Since 2003 the issues outlined in the last paragraph have decidedly not gone away. There have been challenging discussions with the EU particularly in relation to the area-specific nature of tourist guiding and provision of cross border services. By 2010 ETOA was active in using ‘tour guide’ to establish a pan-european ID card which perpetuated many of the problems listed above. They have also worked to see the EU introduce a different EU-wide tour guiding definition which yet again would include all professions and the services they provide in one generic phrase, ‘tour guide’. A paper for the APTG liaison Committee at the time pointed out that, ‘If such a definition was ever implemented – general and vague enough to cover all these persons – the consequence would without any doubt be that when a consumer buys a “guided” excursion he/she will not have any idea of the quality or minimum qualification of the person engaged to conduct the tour. This would be a serious step backwards at a time when quality and standards are the two keys aims throughout most of the industry.’

In contrast, in one sense building built on EN13809, in 2008 CEN completed the agreement on a European Standard for the Provision of Tourist Guide Training and Qualification Training Programmes. EN15565:2008 set out the area specific and European specific knowledge and practical skills needed in tourist guide training. The Standard has been used as a benchmark for training in a number of European countries, including recognition by The Institute of Tourist Guiding and Scottish Tourist Guide Association in the UK.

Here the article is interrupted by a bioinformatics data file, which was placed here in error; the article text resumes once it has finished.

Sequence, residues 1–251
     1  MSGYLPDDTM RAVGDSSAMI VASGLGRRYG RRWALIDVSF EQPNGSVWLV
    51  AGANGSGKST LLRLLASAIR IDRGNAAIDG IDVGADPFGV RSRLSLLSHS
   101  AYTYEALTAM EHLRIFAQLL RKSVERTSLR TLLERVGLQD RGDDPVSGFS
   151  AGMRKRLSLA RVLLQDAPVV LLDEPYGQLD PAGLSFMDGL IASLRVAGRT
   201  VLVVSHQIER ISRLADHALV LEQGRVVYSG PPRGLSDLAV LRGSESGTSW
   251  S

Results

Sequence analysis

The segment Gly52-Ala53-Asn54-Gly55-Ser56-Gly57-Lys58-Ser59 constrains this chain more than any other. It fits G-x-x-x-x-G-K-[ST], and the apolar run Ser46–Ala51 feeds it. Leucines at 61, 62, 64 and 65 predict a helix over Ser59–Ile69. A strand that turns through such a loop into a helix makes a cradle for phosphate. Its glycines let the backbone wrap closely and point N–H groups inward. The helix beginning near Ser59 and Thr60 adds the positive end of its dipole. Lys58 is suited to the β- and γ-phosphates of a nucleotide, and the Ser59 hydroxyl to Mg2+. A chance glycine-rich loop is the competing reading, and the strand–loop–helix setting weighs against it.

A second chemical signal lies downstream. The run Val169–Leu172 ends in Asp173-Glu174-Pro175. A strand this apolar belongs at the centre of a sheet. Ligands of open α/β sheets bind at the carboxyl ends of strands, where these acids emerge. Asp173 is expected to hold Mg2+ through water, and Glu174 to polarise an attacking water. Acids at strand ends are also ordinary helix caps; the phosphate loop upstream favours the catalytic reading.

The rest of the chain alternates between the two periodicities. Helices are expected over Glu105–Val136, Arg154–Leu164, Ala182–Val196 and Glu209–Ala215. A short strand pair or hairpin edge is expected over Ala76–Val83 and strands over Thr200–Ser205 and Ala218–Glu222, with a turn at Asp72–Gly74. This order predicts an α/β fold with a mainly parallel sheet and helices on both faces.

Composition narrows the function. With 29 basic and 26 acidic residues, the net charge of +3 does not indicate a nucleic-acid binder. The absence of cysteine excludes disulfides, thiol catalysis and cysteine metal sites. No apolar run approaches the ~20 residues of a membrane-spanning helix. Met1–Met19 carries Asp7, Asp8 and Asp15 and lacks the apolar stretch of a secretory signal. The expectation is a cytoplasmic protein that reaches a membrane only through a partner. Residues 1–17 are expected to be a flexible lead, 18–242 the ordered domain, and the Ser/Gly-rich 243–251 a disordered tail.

Periodically all European Standards are considered for review. Neither EN13809 or EN15565 have been revisited for review. Although there have been deliberate attempts to undermine the definition, Tourist Guide has endured as the clear, transparent and relevant definition of the profession.

Author: Tom Hooper, British Standards Institute UK expert

Note for information:
Richard Skinner and Tom Hooper were both British Standards Institute (BSI) UK experts and Tom was BSI UK lead expert for EN15565.

Ingrid Wallenborg was instrumental in creating awareness of a number of issues involved as a member of FEG ExCo and Themis Halvantzi-Stringer as an APTG Co-Chair. My thanks to for their valuable input into this article. TH

Tom Hooper

Tom is a professionally qualified blue badge tourist guide who is based in London. He is a founder President of the Institute of Tourist Guiding, sat as an executive officer of The World Federation of Tourist Guide Associations (WFTGA) and is a past President of The Federation of Tourist Guide Associations (FEG). He has been a U.K. lead expert for the British Standards Institute (BSI) and was awarded an MBE by HM The Queen for services to tourism.